You can go almost anywhere in the world, at any given time, and find someone using a personal electronic device. Mobile phone usage has skyrocketed, with the current data putting the number of global smartphone users at 3.5 billion. In the U.S. alone, it is estimated that 77% of the population has a smartphone, and 47% of them said they couldn’t survive without their device. Personal tech is much more than a smartphone, though. From fitness trackers to iPods and tablets, the options for personal technology that can be worn or toted around are expanding. One unfortunate by-product of this advancement is the increased risk of cybercrime.
Media attention has alerted the world to major data breaches in national and global retail and financing giants, but there is still a naivete among individuals who rely on tech and their devices for the bulk of their entertainment, shopping, social connections, and work-related activities. The seriousness of the exposures that individuals face motivated Hari Ravichandran to establish a foundation that not only educates the public about cybersecurity threats but also supports tech developments that fight and defend against such threats. These defenses are crucial. Your personal information is highly valued on the dark web because it can be sold or exploited. Here are the most common mistakes people make when assessing their cyber risks.
Thinking that you are safe from cyber risks because you don’t have a lot of money or all of your information is boring is a dangerous mindset. No one is immune to cyberthreats. If hackers could get into billion-dollar companies with the best cyber defenses money could buy, how do you think you will fare with no defenses? With the rising rates of cybercrime, it is no longer a matter of if the crime will happen, but when.
Those who aren’t aware of the warning signs or who choose to ignore the most basic of cybersecurity measures are playing right into the hands of cybercriminals. Although many people aren’t actively following cybersecurity safety protocols, most of them will admit that having their personal data stolen would be the worst type of crime that could occur to them. The best way to keep this from happening is through awareness. There are many free training webinars and online resources that can share how to keep your information safe when working online. You need to stay vigilant and recognize the earliest signs of trouble.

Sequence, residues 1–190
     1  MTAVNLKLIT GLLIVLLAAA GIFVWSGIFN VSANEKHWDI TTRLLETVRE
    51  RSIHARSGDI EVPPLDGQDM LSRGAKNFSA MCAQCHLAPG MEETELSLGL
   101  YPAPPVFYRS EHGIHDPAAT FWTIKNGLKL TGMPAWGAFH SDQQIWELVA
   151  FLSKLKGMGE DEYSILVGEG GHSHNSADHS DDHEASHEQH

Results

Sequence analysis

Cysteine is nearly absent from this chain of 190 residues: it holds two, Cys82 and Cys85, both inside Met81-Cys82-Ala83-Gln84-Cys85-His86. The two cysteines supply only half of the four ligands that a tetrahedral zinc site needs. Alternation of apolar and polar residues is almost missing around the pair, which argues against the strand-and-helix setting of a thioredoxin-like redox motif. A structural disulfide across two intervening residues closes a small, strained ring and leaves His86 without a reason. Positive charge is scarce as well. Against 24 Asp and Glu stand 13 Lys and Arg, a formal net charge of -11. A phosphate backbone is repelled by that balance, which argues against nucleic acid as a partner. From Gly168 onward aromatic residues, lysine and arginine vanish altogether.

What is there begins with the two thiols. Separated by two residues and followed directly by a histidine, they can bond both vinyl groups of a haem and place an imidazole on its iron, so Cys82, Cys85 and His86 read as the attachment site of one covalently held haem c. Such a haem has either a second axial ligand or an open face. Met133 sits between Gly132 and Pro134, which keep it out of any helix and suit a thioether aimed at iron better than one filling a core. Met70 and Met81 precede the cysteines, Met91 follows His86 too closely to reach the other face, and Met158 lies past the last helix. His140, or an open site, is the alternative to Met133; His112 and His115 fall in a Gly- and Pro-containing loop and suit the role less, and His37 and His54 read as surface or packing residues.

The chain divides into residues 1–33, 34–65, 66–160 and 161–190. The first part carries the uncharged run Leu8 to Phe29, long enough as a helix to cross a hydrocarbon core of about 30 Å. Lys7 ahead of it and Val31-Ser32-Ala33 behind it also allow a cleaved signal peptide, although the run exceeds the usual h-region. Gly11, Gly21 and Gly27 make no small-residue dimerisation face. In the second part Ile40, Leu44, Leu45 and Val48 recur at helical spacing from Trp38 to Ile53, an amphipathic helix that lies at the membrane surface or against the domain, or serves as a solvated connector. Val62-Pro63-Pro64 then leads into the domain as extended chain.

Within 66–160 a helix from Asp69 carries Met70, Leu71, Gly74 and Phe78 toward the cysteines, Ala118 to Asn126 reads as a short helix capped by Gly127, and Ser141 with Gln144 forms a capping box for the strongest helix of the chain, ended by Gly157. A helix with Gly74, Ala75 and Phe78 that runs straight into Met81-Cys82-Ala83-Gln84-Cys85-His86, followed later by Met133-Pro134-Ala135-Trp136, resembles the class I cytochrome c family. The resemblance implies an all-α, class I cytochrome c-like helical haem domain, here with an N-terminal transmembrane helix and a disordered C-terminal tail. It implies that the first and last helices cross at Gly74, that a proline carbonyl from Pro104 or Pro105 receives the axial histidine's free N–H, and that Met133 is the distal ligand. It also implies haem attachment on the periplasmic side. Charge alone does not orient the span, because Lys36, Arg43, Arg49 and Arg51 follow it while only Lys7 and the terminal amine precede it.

Cybersecurity experts say that the primary mistake made by users across the globe is choosing weak passwords. The systems that hackers are using to crack passwords are becoming more sophisticated, and using your initials and birthdate isn’t going to keep you safe. Passwords that aren’t complex and different for each online website or account you use can be cracked in under five minutes if a hacker had the right software. These brute force attack can quickly leave you in financial ruin and strip you of your identity. Use a randomized, complex combination with numbers, symbols, and case-sensitive letters. Never use an entry from the list of the worst (and most common) passwords.
Though you might find the blinking update icon annoying, you should never skip or delay an update for your device or trusted app. These updates often include security patches, and by failing to install the latest version, you create a weak link in your system. Updates are usually sent after a cyberthreat has been detected, so keeping your system up-to-date could keep you from a malware or virus attack. Make sure your devices have a cybersecurity software installed, as it can detect issues long before you are aware they exist. By setting your devices to automatically download the update, it can keep you from forgetting or putting it off.
This might seem like a no-brainer, but cybercriminals are becoming more clever in the phishing schemes. The replications of websites or services are getting more difficult to detect, so you need to use common sense before signing up for a sweepstakes entry, renewing a warranty, and registering for a discount card. It is estimated around 80,000 people get “phished” each day, so this is not an area to take lightly. Spam filters won’t take out all the threats, so do your due diligence before clicking on a link or opening an attachment.
Untrusted websites could be a hot-bed for cybercrime and hacker traffic. Make purchases from reputable sites and use a secure payment method like PayPal. Don’t fall for free download promises or the sites full of pop-ups and ads. These sites may contain links that are spyware or malware, and your data could be compromised in a matter of seconds.
Cybersecurity threats lurk all over the internet, and yet many users are completely unaware of how vulnerable they have become. You can’t just blame the hackers when your identity is compromised or your financial information is stolen. It is your responsibility to protect yourself.